Consider how radical a legal notion, for America, the suburb is. In the land of the free and the fee simple, suburban homeowners believe, in Ross's words, that "property rights include a veto over building on neighbors' land--an understanding shared by even the most ardent defenders of private property." Central to the notion of the original suburbs, and the less deluxe versions that followed, was exclusivity. The effect of all the covenants, all the planning, was to exclude residents of lower incomes and lesser social standing. In a grand bargain, one that continues, Americans were willing to trade property rights for status.

Status was relative, but the ethos remained the same. The railroad suburb became the streetcar suburb. After the Depression and the War came Levittown and Lakewood. Lots became smaller, streets became straighter, and shared amenities disappeared. What remained was a fierce opposition to anyone of lower class (or suspect race or ethnicity!) moving into the neighborhood or even nearby. This meant zoning that excluded apartments and sanctified the single-family home and its attendant "community character," the preservation of which operates as ethnic exclusion.

Ross spends a lot of the book analyzing zoning and its paradoxes. Normally it's the Left that approves governmental regulation of property, but zoning is just one example of how governmental regulation may be used to benefit those with property rather than to solve social ills or level the playing field.

It's not only zoning. Ross shows that time and again, government power, first used with the best intentions for good social purposes, gets bent back again to reinforce exclusion. Take, for instance, historical preservation, which gets going initially to save true urban monuments, but then, as Ross points out, can often become another tool for preventing any change: "Nimbys who pose as preservationists speak of why they like the old building, when their real passion is dislike of the new one." Similarly environmentalism gets twisted against the city.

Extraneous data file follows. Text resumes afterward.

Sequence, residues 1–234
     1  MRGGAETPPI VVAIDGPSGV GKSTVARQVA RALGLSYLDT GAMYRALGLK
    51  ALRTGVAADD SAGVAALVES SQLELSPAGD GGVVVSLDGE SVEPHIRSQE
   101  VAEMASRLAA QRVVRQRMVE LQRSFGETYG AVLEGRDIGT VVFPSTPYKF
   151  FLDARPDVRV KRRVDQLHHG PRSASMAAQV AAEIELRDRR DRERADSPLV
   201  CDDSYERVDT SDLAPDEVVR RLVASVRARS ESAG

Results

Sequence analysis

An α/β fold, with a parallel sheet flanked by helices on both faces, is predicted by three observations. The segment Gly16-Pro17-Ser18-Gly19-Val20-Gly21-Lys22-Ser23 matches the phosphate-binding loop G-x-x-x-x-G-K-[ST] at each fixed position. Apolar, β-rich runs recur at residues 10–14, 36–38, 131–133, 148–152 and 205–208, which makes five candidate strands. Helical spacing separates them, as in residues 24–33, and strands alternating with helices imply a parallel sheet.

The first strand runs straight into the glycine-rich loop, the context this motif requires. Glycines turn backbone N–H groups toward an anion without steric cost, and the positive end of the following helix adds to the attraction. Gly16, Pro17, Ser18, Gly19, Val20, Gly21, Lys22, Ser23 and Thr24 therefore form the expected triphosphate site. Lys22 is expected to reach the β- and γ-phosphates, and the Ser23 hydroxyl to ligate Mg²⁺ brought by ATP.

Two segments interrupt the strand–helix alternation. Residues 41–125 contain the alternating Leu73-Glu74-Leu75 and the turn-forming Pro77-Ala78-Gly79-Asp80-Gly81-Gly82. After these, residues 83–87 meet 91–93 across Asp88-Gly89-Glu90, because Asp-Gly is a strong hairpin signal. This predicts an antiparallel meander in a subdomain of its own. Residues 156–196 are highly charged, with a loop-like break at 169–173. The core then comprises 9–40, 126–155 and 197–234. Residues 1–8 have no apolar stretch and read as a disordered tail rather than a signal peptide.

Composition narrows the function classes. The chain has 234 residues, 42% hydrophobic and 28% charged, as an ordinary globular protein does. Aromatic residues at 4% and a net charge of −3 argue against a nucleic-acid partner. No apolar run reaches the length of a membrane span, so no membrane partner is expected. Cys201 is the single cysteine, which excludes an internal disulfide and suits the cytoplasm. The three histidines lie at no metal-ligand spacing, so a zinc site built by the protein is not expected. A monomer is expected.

Consistent throughout the book is Ross's focus on how attitudes about status undermine democracy, allowing small numbers of relatively privileged people to effect policies that have negative impacts on many more.

Much of Ross's book constitutes one of the best summaries of the history of suburbanization I've read, but in the end he wants to make an optimistic point, the "Rebirth" part of the book's subtitle. He writes about how new investments in public transportation are changing the dynamic and bringing urbanism back, changes in the landscape that conform to a cultural backlash against the suburban ideal.

I'm not so sure, but Ross's optimism is admirable. In any case, time will tell. It took decades to destroy the cities and it will take decades to fix them.

Dead End: Suburban Sprawl and the Rebirth of American Urbanism, by Benjamin Ross; Oxford University Press (2014); 249 pages; $29.95